The first thought in Nino Germano's mind when he woke up yesterday was not the homemade pasta or savory sauces he would cook up in his Little Italy restaurant. It was soccer.
"First thing I did, I put on my lucky jersey," Germano said, flaunting the blue shirt that he's worn for all of Italy's World Cup soccer matches. "I'm not washing it until it's over."
Native Italians and soccer fanatics crowded around the TV in Germano's La Scala restaurant to bite their nails, jump out of their chairs and thump each other on the back as the Italian team trounced Ukraine and advanced to the World Cup semifinals.
"It's a matter of life or death!" said Guido DeFranco, who left his restaurant, Caesar's Den, to watch the game with Germano and other friends. "It's like the Super Bowl, but it only happens every four years."
"We can't go to Highlandtown," Germano said. "All those Ukrainians are going to kill us."
"They're in the Ukrainian church praying right now," DeFranco said.
A few blocks away at Velleggia's restaurant, friends Germano Fabani, a native Italian, and Heinz Georg, a native German, watched the game together, in the same seats where they saw Germany take on Argentina earlier in the day.
"I held his hand then, and he's going to hold my hand now," Fabani said.
Georg said that his wife had called from Germany earlier to make sure that he had taken his blood pressure medicine after watching his country beat Argentina in overtime.
As the friends realized that their home countries would face each other in the semifinals, a rivalry deepened between them.
Fabani launched into rhapsodies after Andrea Pirlo scored a goal. "The way he touches the ball is like a Michelangelo painting," he said, tracing a curve in the air with his hand.
"Maybe he should leave soccer and take up art," cracked Georg.
Eating pizza at a nearby table were Bruno and Noel Tarquinii, who toted their two young daughters from Germantown to Velleggia's to watch the game among Italians.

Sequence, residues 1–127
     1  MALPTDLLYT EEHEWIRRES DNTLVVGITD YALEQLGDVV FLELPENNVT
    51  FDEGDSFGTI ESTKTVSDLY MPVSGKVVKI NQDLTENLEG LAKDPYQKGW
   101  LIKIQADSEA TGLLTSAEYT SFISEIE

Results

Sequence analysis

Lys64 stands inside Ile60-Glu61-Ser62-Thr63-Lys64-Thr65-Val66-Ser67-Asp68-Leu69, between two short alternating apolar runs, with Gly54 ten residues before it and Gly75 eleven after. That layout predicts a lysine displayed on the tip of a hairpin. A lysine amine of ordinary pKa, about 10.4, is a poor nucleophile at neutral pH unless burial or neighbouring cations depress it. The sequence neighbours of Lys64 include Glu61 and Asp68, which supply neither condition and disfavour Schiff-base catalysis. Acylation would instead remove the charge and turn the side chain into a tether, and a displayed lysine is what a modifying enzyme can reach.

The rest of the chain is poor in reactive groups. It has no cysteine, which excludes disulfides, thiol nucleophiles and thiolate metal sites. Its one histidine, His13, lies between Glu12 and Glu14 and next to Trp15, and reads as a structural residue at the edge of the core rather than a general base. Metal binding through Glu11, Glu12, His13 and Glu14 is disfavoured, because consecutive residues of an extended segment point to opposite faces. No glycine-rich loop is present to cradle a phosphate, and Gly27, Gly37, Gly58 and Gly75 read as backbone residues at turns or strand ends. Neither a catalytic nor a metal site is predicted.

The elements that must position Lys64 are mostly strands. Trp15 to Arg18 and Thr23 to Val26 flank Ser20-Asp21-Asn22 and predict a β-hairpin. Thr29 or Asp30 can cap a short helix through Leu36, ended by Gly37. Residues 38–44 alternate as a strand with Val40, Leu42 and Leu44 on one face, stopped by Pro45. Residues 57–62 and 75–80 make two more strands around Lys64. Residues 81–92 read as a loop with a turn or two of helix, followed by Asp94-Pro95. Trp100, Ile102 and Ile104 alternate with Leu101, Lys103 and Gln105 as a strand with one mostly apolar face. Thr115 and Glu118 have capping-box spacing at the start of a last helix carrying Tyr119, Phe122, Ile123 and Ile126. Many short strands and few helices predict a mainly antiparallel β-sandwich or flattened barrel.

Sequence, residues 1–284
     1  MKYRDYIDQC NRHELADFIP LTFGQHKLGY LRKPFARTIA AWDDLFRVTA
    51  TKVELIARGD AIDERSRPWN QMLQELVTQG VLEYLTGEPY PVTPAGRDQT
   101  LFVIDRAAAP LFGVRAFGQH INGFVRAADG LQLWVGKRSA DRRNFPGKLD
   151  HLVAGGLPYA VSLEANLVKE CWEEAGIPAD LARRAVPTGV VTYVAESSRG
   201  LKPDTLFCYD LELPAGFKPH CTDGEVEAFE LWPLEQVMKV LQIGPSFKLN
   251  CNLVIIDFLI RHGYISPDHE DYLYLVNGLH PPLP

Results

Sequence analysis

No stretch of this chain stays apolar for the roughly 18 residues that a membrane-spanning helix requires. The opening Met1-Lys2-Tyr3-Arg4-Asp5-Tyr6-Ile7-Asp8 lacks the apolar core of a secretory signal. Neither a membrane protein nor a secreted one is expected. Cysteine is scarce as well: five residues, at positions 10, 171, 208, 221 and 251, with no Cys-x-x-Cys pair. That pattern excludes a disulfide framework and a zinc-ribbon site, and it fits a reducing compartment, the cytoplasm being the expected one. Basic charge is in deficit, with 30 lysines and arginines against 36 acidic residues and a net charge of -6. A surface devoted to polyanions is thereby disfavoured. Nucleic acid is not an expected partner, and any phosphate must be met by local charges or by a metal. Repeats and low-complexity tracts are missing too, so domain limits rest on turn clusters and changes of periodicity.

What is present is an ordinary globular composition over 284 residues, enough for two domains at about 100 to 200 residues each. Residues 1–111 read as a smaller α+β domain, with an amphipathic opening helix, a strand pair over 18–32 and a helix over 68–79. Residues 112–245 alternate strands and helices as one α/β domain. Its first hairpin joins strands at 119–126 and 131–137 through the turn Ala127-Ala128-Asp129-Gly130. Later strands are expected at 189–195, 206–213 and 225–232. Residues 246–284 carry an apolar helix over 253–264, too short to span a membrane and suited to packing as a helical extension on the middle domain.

Noel explained that she developed two new passions while stationed in Italy with the Navy: her husband, a native Italian, and soccer.
"I hated it in high school, but like everything Italian, it just grows on you," Noel Tarquinii said, sporting a blue and white Italia jersey and red, white and green soccer shoes.
"I told my family, `Don't call me because I'm watching the game,'" Tarquinii said, explaining that her family doesn't understand her obsession with the game.
After the Italians scored their first goal, Bruno Tarquinni was already making plans for Tuesday's semifinal game against Germany. "We can't go out and watch the fireworks," he said to his wife. "We got to stay home and watch the game."
At La Scala, after a round of back-slapping and excited exclamations in Italian about the Azzurri, the blue team, the crowds' thoughts were also on Tuesday's game, which will coincide with Fourth of July celebrations.
"Salute! Forza Italia!" - "To your health and to the Italian force!"--the men at La Scala yelled, knocking together glasses of Campari and throwing back the bittersweet liquor.
Then they gripped each others' hands, planted quick kisses on both cheeks, dashed out the door and back to work.
"See you on the Fourth of July!" DeFranco called to Germano.